ScHoolboy Q makes TDE debut with solid “Oxymoron”

By Elena Lopez

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Courtesy of Dj teck 16/Flickr

Courtesy of Dj teck 16/Flickr

Abrasive and intense, ScHoolboy Q is back with his third studio album “Oxymoron.” A member of the powerhouse entertainment group, Top Dawg Entertainment (TDE), Schoolboy Q is a rising star in a label that houses artists like certified hip-hop heavyweight Kendrick Lamar, Isaiah Rashad and Ab-Soul. “Oxymoron,” released on Feb. 25, has been endlessly hyped up by TDE’s artists, building anticipation for “Oxymoron” to a fever pitch.

Immediately after its release, “Oxymoron” sent shockwaves through the music community. Q’s sound has moved into a darker realm while holding onto the same party life vibes he has exhibited on his previous albums. On “Oxymoron,” Q also picks up some high-profile guest spots from Kendrick Lamar, Tyler, The Creator and 2 Chainz.

Major influences like 50 Cent, Nas and Notorious B.I.G. are prominent on “Oxymoron.” Q shares the same steely exterior as Nas and Pusha T, lighting up his tracks with bursts of anger, nearly frightening the listener while still pulling them in. Q can easily alternate from slurred, slow bars to double timed lyrics in a snap, like on “Collard Greens,” impressing listeners with his unexpected versatility.

On “Oxymoron,” Q stays true to his easy going, party lifestyle, and shows it through his songs and lyrics. Classic Q shows up on tracks like “Collard Greens,” “Gangsta,” “Break the Bank” and “Man of the Year.” His deep voice reverberates beautifully against the dark tones and quick tempo, with the layered style vividly bringing life to his drug-fueled lyrics and trance-like flow. “Collard Greens,” a much-hyped collaboration with Kendrick Lamar, is an easy highlight. The styles of the two artists compliment each other well, as Q raps in his trademark, slurry style while Lamar whips through lyrics at impeccable speed and clarity.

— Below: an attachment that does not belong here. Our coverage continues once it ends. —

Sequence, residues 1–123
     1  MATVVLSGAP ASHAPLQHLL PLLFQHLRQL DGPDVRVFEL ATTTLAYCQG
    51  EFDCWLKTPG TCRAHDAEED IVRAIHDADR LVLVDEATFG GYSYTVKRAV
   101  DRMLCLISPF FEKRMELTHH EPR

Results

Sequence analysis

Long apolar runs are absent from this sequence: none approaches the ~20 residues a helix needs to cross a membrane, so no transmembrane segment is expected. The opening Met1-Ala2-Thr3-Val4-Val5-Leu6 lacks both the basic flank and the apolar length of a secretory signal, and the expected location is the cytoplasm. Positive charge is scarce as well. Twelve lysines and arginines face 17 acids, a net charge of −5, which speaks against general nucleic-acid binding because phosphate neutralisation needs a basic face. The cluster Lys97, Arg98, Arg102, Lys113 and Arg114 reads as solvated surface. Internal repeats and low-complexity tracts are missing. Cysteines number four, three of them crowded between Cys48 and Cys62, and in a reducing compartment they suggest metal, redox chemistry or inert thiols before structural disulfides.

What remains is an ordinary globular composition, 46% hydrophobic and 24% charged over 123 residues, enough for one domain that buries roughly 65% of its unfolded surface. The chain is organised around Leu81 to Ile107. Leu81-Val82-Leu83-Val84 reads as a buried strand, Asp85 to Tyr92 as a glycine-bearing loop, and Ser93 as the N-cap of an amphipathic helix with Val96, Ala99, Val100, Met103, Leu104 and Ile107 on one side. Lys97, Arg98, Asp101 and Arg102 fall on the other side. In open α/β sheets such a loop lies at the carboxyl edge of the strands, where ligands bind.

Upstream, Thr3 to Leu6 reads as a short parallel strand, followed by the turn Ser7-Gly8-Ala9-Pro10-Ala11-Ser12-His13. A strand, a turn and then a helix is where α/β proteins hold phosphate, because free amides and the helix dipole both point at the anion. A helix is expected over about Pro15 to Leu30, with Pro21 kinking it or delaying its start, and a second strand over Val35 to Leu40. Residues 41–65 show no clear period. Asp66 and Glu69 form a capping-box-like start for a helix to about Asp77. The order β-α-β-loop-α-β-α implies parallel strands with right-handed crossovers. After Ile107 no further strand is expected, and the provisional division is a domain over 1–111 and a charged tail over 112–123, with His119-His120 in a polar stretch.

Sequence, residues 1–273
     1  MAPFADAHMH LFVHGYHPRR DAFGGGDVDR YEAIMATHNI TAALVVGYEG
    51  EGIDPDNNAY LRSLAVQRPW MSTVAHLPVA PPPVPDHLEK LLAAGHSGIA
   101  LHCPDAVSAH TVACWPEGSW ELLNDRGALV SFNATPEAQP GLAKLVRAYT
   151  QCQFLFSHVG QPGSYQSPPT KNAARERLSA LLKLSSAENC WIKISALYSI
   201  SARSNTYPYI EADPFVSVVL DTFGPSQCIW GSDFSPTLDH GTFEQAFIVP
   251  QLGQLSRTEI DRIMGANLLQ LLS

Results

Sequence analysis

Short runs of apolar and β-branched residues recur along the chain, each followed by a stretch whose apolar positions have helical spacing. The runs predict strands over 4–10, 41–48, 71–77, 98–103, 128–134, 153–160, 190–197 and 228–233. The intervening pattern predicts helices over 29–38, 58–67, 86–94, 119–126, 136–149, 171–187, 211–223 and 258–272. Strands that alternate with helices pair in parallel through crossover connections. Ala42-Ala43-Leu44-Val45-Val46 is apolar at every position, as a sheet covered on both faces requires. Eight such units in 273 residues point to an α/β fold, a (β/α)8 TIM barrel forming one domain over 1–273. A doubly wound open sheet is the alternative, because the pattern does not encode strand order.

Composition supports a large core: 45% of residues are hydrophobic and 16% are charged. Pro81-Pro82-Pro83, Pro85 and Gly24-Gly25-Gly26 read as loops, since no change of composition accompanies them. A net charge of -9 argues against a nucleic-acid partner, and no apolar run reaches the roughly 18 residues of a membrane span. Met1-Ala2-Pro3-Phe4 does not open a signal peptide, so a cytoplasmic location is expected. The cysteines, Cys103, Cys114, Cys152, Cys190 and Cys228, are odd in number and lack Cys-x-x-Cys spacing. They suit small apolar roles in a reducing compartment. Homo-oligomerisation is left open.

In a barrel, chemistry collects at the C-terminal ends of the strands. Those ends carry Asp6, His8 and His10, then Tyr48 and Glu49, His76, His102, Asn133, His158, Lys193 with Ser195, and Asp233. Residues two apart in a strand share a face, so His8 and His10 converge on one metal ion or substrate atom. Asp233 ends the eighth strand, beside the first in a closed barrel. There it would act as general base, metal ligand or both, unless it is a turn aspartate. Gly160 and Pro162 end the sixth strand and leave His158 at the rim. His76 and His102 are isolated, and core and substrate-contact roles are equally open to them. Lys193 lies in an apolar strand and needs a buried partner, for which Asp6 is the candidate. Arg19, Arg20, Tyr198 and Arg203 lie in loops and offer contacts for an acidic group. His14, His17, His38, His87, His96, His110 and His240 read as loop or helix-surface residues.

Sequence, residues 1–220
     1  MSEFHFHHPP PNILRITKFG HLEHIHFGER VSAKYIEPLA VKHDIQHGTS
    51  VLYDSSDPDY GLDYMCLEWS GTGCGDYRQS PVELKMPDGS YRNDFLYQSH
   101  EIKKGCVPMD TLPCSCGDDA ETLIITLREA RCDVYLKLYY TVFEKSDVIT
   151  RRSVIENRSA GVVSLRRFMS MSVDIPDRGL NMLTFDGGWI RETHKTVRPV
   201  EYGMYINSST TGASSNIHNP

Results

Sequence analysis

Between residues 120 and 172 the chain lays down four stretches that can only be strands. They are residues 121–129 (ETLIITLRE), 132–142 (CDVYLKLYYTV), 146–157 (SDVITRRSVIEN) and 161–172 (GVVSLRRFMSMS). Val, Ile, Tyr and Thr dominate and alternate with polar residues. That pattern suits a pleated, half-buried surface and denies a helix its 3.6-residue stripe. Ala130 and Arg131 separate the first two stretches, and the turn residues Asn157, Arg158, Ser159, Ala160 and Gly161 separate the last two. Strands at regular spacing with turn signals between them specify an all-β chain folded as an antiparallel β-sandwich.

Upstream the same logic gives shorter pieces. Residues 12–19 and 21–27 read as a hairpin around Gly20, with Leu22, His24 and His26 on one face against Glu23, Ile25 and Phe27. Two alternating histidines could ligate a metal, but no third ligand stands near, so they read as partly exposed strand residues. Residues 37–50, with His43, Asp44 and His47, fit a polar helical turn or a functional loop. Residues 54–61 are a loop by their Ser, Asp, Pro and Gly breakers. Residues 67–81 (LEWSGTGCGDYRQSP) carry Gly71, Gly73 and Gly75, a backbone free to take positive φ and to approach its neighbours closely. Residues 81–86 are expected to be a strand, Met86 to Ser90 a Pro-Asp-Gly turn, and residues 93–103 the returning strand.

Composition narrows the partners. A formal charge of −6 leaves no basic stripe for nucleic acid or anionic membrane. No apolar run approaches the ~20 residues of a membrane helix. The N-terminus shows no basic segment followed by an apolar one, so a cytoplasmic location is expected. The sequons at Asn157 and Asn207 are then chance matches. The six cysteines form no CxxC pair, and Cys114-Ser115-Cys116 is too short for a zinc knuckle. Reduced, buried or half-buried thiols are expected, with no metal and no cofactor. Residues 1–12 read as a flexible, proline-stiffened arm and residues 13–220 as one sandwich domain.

Q gives listeners a peak inside the deep recesses of his often drug-influenced mind with more insightful tracks like “Prescription/Oxymoron,” “Hoover Street” and “Blind Threat.” “Prescription/Oxymoron” is an exceptional track, with almost frightening lyrics that give insight into the deeper, more hidden realm of drugs. He uses his daughter as a lyrical overlay, adding a heart-wrenching quality by detailing those who are affected more personally by his consistent drug use.

His songs are laden with mysterious tones and layered beats, making for a more complex rhythmic sound than on his previous albums. Q’s flow becomes trance like on tracks such as “Studio,” “His and Her Friend” and “Gravy.” On each of those tracks, Q exposes a somewhat softer, more emotionally vulnerable side without becoming too sentimental. It is a pleasant sonic shift from his other, more intense and aggressive beats.

As his true debut album under TDE, ScHoolboy Q is proving himself worthy of the superior ring of rappers. “Oxymoron” does not show as much artistic growth as it could have, but it shows Q staying true to himself. Q honors his gang life past, embracing it for what it has given him and sharing it through generally impressive lyrics and songs.

Elena Lopez can be reached at [email protected]